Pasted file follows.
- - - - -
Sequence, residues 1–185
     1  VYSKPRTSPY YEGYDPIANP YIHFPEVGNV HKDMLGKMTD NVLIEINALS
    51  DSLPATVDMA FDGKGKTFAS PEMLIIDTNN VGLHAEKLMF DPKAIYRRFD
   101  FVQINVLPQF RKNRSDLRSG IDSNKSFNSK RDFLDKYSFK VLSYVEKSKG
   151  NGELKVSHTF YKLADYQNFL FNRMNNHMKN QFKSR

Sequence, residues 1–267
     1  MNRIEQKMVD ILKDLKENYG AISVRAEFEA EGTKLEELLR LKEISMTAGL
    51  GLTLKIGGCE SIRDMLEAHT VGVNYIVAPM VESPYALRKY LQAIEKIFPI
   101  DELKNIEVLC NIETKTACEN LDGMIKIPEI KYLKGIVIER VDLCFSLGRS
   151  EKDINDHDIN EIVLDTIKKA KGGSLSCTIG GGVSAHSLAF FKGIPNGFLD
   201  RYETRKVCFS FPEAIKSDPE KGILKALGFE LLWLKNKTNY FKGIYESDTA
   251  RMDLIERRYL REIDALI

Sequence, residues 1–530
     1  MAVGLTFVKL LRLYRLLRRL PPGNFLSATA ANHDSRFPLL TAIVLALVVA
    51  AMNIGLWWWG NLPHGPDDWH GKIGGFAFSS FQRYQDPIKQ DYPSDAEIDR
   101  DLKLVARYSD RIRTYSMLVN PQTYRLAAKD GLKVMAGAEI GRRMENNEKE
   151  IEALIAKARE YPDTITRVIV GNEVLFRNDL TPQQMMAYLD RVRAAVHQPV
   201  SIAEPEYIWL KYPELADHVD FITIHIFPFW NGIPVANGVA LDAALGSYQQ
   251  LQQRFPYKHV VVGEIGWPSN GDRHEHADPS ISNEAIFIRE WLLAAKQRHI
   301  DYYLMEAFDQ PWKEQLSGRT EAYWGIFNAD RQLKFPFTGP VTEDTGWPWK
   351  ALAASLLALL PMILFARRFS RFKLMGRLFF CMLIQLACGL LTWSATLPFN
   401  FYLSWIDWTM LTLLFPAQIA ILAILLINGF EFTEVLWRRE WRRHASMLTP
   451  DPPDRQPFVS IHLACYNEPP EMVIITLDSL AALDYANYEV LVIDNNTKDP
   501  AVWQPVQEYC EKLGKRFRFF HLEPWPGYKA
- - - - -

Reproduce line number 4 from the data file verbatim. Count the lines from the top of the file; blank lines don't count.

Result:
   101  FVQINVLPQF RKNRSDLRSG IDSNKSFNSK RDFLDKYSFK VLSYVEKSKG